Coercive control

Coercive control is an act or a pattern of acts of assault, threats, humiliation and intimidation or other abuse that is used to harm, punish, or frighten their victim.
Coercive control only became a crime in 2015.
It’s defined as controlling behaviour that has a “serious effect” on a partner, causing them to fear violence at least twice or causing them serious distress.
What are the signs?
If your partner is constantly chipping away at your self-esteem and rubbishing you.
If they are monitoring who you see, what you wear, where you go and taking away your ability to see your friends and family
Financial abuse, controlling and monitoring what you spend, can also be a warning sign.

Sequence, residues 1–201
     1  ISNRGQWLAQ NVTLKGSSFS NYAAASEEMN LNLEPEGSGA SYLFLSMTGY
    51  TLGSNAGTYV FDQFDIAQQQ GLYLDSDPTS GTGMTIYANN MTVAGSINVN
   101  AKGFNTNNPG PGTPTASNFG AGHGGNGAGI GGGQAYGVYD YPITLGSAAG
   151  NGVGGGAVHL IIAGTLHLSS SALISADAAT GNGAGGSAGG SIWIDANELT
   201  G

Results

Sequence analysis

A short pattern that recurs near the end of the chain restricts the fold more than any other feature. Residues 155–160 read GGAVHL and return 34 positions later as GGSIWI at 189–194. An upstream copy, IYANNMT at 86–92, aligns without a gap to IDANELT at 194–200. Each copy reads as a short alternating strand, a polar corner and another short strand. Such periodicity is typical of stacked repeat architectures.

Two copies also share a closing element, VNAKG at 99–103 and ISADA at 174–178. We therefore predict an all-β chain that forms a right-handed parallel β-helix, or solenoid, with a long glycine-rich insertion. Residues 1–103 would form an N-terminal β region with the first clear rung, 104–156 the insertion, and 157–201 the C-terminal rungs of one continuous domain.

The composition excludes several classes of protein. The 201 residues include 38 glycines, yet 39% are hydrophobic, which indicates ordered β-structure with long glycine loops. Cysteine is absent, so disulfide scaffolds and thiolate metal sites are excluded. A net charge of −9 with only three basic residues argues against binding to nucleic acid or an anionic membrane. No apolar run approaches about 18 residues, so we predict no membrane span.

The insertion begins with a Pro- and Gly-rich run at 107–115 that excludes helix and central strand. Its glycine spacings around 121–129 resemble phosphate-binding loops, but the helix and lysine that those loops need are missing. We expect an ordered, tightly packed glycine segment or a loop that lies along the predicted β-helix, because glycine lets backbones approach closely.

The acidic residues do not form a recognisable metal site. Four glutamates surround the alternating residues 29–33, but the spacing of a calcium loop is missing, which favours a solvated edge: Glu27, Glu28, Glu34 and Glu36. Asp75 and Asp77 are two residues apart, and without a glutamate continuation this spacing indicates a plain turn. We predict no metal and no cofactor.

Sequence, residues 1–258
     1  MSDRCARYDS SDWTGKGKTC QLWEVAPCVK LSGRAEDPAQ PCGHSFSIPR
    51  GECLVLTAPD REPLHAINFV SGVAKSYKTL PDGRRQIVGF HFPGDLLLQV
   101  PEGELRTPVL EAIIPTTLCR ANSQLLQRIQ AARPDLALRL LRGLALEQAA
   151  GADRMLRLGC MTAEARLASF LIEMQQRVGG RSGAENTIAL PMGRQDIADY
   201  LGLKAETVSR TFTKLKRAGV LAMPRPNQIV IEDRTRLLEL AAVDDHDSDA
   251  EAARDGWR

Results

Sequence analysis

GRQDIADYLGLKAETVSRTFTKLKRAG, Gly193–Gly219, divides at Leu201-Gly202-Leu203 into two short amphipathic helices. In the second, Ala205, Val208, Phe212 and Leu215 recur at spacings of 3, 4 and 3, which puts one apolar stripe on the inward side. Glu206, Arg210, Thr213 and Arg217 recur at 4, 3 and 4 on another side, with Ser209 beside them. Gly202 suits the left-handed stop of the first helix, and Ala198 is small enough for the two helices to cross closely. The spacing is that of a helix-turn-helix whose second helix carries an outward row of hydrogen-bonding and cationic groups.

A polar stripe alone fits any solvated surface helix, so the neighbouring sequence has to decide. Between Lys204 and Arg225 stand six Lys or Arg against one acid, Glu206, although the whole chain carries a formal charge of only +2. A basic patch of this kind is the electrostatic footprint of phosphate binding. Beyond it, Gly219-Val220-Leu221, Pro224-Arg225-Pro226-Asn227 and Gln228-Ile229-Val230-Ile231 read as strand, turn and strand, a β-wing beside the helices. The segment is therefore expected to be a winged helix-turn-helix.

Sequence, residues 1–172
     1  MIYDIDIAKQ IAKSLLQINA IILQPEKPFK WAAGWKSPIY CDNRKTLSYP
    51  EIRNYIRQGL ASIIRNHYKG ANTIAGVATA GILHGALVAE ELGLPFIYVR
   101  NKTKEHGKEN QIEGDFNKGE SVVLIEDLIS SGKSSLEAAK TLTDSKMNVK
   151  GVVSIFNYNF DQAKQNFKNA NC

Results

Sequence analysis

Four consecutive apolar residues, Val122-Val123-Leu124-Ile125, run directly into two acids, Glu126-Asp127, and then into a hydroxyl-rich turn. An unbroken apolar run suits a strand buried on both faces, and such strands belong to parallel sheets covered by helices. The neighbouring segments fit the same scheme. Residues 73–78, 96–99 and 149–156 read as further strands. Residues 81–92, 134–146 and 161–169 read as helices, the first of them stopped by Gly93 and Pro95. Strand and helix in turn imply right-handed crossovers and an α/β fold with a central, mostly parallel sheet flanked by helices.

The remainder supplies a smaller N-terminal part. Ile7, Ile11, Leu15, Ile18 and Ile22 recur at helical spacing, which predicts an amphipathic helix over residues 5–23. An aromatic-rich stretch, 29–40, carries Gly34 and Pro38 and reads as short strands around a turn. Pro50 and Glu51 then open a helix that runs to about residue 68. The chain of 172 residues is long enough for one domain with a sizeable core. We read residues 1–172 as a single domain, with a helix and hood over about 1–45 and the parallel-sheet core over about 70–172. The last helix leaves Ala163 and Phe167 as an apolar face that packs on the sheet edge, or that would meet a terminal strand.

Other examples are;
Being stopped from working or going to school/college/university
Having money taken away or controlled
Being isolated from friends and family
Having access to food, drinks and day-to-day products restricted
Having their social media accounts monitored or controlled
Being told what they should wear
Being threatened with violence if they do not behave in a certain way
Having threats made to loved ones or pets
Professor Evan Stark compares it to being taken hostage: “The victim becomes captive in an unreal world created by the abuser, entrapped in a world of confusion, contradiction and fear.”

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